Ridiculous and easily falsified claims will undermine your credibility with anyone who happens to check, or who is exposed to science in more detail in the course of their education. Make sure you understand any science you use to support your position. Too often scientific results are twisted to support a young earth when, in fact, they say nothing about the age of the earth.

One of the most recent examples concerns the discovery of remnants of soft tissue (organic biomolecules) in fossils many millions of years old. (See here for a recent story.) This is a discovery that has been taken by some who hold to young earth creationism to indicate that the earth is far younger than we suppose. However – complete carcasses of animals have been found that are tens of thousands of years old, and soft-tissue remnants that are hundreds of thousands of years old are unremarkable. DNA sufficient to sequence a 700,000 year old horse and collagen fingerprinting of a 3 million year old camel fossil are among the more recent papers in the literature. Nothing about soft tissue remnants brings us anywhere close to an earth only a few thousand years old. This would require a massive revision of laws of chemistry, physics, geology and biology.

By the way, soft tissue remnants in dinosaurs were reported as early as 1966 (“Cells, collagen fibrils and vessels in dinosaur bone” Nature 211, 655, 1966). The new results suggest that these remnants are more common and useful than originally thought and don’t require exceptional preservation. The limits for preservation of soft materials are set by chemical degradation reactions. The newer fossil findings send us back to the lab to understand the chemistry better. What is the chemical environment and what are the chemical reactions that preserve these remnants? The results are exciting because the information provided by these remnants can greatly expand our picture of now extinct species.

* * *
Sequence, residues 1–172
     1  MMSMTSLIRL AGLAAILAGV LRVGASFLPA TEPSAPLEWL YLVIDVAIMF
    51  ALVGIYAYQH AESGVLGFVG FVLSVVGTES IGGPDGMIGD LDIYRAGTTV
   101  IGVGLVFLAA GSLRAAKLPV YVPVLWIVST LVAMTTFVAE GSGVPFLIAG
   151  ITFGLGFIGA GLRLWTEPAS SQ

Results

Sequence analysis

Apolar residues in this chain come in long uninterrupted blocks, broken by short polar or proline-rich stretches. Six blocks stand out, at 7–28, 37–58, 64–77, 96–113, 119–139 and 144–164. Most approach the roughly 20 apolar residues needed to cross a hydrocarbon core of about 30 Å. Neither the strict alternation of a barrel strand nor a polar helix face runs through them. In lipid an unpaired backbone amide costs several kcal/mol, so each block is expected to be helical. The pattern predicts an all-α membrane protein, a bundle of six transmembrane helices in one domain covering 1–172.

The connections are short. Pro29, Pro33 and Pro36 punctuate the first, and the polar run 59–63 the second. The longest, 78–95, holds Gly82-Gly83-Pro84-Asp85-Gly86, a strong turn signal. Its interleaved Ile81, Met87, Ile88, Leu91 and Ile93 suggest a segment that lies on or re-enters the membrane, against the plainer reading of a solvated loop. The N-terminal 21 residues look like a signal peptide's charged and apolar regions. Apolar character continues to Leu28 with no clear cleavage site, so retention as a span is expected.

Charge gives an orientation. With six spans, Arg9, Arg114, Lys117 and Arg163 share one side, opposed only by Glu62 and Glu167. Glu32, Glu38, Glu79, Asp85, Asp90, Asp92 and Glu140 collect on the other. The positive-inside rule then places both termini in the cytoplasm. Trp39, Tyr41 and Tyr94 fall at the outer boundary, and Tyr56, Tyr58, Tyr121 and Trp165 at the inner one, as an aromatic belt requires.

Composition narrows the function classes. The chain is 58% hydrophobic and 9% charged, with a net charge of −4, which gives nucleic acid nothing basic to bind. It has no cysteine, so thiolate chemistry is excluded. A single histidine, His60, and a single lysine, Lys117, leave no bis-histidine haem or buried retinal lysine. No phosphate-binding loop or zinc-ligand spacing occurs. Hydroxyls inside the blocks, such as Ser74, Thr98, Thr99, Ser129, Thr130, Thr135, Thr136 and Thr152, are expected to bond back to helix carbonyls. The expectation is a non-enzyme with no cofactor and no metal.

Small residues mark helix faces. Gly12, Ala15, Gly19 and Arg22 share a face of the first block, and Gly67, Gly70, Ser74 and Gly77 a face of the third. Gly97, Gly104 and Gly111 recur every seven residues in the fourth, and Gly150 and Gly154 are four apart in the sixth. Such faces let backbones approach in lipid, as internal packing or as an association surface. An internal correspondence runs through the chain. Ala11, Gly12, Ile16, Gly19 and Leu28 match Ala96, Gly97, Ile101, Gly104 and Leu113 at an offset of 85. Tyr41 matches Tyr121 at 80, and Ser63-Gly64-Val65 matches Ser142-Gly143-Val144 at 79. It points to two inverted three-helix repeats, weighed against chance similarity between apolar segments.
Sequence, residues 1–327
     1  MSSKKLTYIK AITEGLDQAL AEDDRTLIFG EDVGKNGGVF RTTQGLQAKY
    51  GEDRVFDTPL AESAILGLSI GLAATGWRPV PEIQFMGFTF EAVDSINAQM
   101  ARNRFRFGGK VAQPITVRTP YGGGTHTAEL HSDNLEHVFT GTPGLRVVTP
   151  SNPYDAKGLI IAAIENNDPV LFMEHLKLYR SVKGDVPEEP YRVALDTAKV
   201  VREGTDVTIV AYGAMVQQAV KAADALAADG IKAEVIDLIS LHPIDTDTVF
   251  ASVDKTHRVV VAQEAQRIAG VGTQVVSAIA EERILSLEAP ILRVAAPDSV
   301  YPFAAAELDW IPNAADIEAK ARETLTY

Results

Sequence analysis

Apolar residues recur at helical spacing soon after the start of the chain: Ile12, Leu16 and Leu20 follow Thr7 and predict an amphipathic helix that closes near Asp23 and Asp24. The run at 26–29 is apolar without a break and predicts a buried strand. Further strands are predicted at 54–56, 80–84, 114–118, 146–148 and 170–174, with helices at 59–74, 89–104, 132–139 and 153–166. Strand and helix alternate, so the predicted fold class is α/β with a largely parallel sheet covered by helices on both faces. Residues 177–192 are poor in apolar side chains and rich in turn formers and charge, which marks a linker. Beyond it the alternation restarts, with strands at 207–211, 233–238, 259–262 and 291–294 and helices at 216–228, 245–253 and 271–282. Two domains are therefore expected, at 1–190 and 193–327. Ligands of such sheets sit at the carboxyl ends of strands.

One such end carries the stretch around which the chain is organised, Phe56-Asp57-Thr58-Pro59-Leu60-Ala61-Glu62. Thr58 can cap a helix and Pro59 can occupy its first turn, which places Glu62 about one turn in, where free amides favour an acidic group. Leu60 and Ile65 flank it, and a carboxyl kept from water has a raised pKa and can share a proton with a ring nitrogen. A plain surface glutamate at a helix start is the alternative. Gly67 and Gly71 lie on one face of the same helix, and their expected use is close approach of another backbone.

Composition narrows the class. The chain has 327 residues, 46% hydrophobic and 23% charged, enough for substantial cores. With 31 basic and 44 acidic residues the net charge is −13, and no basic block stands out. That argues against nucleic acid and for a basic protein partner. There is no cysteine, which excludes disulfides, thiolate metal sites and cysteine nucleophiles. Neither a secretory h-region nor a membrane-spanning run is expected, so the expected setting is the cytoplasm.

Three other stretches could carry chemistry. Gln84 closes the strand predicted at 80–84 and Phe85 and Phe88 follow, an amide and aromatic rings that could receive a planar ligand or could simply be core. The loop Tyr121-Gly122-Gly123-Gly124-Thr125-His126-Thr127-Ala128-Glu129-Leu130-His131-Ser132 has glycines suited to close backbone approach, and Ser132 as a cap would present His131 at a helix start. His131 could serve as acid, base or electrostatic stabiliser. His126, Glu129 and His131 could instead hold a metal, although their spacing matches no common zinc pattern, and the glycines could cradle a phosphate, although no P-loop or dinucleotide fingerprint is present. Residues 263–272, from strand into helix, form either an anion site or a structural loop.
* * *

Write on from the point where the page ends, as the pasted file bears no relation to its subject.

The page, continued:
Don’t take quotes out of context, don’t misrepresent and misinterpret others to “proof-text” your position. More damage is done by the way the position is defended than by the position itself.

Don’t accuse those who are Christians and scientists and who hold to an old earth (the vast majority) of bowing to materialism or trying to curry favor with the establishment unless you truly understand the evidence and can offer a coherent explanation of why the evidence points in a different direction.